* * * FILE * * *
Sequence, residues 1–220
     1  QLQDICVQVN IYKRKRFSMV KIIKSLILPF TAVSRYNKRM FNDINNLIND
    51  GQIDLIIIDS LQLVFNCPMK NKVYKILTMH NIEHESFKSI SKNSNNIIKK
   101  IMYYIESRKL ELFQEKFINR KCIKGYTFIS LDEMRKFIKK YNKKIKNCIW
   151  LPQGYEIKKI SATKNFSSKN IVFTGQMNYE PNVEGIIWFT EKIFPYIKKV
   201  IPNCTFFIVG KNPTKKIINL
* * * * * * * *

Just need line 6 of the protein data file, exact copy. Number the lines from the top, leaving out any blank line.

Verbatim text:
   201  IPNCTFFIVG KNPTKKIINL